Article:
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How To

Caring for Your Body While Breastfeeding: 4 Tips to Reduce Shoulder, Back, Neck & Wrist Pain

June 4, 2021
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4 MIN
woman breastfeeding
Dr. Sarah Clampett headshot
Dr. Sarah Clampett, PT, DPT

Sarah is Origin's Los Angeles Clinical Director. She attended the University of Southern California, where she studied Kinesiology and Psychology.

Feeding your baby is both utterly exhausting and rarely talked about. A majority of breastfeeding women are struggling with some sort of shoulder, back, neck and/or wrist pain so it’s important to correct your posture and positioning early before it becomes a (painful) issue. At Origin, we provide full body physical therapy for women and mothers, so we see a ton of new moms. Here’s our approach to prevent and reduce these all too common breastfeeding aches and pains – do try this at home! 

Breastfeeding support starts prenatally. Once baby arrives, it is all too easy and common to focus on their needs and contort your body to get a latch (who among us has not created a new yoga pose while coaxing a baby onto a boob?).  During the third trimester we encourage women to work on strengthening their posture, this is done with breathing exercises and by increasing awareness of which muscles are engaged when sitting with a straight back and lowered shoulders. This practiced position then becomes muscle memory for the body to ‘reset’ to when breastfeeding.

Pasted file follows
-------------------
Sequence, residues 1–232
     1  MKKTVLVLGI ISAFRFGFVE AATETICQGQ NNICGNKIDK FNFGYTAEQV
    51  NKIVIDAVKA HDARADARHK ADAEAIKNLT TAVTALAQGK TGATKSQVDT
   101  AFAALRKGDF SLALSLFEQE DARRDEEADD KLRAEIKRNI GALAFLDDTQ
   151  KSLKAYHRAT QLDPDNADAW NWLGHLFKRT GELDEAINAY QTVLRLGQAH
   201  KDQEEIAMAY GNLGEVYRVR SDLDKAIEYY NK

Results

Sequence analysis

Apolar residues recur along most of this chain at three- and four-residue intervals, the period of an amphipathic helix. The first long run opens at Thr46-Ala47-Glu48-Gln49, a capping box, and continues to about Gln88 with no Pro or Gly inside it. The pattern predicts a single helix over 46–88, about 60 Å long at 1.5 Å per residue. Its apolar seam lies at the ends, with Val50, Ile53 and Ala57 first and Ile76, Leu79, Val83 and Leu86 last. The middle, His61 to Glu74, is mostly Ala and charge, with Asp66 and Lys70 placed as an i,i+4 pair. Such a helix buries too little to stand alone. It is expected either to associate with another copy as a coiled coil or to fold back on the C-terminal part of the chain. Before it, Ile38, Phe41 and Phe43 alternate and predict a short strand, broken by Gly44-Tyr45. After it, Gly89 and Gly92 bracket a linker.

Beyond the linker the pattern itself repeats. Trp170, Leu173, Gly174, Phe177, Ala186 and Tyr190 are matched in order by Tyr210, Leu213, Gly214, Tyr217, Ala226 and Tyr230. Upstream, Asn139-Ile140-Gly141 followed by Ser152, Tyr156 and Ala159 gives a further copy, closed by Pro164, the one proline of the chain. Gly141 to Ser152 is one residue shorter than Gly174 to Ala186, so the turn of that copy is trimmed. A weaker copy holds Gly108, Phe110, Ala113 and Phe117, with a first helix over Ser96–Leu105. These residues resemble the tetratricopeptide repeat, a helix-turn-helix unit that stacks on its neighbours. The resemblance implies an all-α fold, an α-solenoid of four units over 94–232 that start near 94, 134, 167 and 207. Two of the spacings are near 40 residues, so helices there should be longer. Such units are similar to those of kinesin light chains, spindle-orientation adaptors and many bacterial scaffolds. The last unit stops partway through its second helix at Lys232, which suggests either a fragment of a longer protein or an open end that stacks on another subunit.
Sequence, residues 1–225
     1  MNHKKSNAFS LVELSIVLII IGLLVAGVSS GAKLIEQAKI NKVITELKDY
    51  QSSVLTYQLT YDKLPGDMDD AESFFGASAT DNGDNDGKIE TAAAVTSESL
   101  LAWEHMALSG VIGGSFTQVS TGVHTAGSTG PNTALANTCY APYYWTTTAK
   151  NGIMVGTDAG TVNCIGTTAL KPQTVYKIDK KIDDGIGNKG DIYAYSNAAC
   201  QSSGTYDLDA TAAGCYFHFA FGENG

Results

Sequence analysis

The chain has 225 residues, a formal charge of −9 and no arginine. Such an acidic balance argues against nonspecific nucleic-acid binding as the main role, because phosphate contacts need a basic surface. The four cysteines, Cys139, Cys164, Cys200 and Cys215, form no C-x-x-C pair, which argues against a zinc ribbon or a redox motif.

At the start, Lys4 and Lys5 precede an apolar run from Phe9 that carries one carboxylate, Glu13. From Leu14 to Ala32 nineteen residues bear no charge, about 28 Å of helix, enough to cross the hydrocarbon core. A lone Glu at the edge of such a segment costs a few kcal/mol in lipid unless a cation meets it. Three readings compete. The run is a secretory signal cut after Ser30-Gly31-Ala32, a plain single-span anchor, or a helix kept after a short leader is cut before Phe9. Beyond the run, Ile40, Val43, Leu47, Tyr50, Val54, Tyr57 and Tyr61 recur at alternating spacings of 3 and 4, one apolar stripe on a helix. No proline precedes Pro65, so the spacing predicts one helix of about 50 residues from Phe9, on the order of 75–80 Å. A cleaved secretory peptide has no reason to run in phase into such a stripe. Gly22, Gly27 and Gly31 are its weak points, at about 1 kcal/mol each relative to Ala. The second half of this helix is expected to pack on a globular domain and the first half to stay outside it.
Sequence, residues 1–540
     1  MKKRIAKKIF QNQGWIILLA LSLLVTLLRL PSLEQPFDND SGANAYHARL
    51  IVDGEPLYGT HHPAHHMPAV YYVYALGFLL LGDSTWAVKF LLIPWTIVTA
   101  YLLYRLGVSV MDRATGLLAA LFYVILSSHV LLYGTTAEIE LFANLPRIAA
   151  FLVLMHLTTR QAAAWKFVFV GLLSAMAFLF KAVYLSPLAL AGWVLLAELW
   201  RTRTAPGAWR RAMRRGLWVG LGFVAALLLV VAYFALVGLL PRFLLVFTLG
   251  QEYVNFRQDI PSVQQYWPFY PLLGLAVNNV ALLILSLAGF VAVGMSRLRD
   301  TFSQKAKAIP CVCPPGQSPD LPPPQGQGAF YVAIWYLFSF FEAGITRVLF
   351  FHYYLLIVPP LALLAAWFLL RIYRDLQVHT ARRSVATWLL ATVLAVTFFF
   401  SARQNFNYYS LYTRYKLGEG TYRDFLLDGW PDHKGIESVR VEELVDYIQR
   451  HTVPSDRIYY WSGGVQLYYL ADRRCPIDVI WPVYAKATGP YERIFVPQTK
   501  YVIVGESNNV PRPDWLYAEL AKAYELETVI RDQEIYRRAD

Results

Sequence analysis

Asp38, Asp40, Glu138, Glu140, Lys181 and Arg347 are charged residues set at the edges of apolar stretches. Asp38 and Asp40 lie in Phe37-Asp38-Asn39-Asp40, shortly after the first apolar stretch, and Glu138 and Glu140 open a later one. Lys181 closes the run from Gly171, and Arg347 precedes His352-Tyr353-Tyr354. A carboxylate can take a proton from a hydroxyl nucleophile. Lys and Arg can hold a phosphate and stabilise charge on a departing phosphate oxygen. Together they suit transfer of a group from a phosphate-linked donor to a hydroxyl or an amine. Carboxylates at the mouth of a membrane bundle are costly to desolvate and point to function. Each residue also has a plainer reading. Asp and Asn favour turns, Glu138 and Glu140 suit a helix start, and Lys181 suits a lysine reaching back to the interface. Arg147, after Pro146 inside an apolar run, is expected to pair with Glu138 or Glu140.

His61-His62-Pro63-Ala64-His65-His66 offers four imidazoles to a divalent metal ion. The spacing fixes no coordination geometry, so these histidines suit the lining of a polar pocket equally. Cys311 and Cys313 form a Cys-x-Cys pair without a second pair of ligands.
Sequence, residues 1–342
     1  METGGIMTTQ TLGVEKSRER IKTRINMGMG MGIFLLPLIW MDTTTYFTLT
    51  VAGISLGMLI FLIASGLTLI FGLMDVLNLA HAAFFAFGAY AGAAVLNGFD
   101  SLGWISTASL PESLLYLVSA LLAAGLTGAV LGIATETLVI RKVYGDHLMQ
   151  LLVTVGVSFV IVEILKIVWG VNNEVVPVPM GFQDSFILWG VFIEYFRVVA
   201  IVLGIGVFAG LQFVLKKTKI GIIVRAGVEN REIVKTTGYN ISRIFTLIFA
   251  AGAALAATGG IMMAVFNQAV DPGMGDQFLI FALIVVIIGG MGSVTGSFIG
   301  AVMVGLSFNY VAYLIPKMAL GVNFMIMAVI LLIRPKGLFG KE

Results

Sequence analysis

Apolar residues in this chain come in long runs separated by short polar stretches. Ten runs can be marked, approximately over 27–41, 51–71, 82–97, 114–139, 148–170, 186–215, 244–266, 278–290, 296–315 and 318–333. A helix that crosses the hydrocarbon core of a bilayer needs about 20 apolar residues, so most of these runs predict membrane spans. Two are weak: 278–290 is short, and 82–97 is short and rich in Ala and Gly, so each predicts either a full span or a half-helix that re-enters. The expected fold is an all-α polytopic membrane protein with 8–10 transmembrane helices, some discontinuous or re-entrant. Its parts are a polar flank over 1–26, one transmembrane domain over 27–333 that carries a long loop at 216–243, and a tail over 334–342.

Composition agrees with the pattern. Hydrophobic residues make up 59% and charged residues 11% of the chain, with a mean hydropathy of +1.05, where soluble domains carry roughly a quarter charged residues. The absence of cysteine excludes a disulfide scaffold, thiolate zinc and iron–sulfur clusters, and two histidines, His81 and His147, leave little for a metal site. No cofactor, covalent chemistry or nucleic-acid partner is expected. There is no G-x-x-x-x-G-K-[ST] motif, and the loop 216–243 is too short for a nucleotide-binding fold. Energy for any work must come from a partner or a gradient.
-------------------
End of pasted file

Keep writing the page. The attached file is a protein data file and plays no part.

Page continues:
The default breastfeeding position can be to slouch forward. The curved spine position with shoulders and head forward, back unsupported and hands positioning the baby's head creates strain on lots of muscles. If a mom has done prehab it is easier to recognize when this is happening and there is some muscle memory that helps them to reset.
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Belly breathing helps create an awareness of each muscle. What do those muscles need to be doing to create sustainable breastfeeding posture? Aim for ‘down and back’ – meaning your shoulders should be down (not up by your ears) and you should be sitting against the back of your chair with your back straight, in one long line from your pelvis to your head, chest open, shoulder blades and mid back engaged. Easier said than done, but once you’re here you’ll see that to maintain this posture your baby has to come to you. You might also notice that your feet are dangling, dangling feet means that your lower back has to search for stability and your pelvis and lower back are going to try to support your legs. Enter breastfeeding props: A rolled towel behind the lower back and a footstool are your besties and will ‘remind’ your body to stay in position. A breastfeeding pillow (or pillows, who are we kidding) will bring your baby right up just above your nipple to latch without forcing you to lean forward.